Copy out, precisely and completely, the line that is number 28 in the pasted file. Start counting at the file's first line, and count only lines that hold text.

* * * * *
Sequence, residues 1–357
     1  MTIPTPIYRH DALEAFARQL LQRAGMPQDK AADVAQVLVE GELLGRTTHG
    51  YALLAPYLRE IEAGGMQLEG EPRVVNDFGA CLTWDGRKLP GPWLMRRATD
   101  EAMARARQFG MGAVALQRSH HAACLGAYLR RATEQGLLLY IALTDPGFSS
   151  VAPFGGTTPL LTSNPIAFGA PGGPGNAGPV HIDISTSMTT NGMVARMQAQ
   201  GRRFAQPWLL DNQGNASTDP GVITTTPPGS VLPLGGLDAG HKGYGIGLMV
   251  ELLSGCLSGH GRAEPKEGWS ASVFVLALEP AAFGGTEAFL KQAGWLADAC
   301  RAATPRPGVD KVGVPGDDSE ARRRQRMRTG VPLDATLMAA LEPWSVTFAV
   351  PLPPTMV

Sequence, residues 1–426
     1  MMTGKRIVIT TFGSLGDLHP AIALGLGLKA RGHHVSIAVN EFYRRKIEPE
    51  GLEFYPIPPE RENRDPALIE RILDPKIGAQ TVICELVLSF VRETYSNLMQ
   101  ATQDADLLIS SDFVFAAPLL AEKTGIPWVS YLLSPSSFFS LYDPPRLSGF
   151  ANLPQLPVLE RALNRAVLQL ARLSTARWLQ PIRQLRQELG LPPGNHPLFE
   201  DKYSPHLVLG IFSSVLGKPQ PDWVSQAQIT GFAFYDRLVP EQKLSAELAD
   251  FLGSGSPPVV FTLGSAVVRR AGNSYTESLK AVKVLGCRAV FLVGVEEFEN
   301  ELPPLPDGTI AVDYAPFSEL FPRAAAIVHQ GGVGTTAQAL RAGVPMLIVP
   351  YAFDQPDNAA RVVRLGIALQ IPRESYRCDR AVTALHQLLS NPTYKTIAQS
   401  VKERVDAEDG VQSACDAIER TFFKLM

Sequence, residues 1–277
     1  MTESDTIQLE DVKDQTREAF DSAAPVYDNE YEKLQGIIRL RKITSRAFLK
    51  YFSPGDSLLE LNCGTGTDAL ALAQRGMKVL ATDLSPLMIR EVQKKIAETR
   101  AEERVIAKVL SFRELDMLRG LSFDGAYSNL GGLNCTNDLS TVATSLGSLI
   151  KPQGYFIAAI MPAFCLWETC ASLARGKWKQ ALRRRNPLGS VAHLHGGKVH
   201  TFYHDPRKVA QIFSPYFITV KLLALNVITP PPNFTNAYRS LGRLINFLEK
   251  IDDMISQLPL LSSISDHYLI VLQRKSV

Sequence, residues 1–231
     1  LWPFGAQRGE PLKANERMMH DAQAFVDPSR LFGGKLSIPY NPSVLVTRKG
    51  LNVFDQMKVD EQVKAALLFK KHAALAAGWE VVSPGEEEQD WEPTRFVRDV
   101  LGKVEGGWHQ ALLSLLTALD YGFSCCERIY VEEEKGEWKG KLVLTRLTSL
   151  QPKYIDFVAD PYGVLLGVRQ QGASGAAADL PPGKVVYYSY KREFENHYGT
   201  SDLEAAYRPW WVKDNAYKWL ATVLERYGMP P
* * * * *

     1  LWPFGAQRGE PLKANERMMH DAQAFVDPSR LFGGKLSIPY NPSVLVTRKG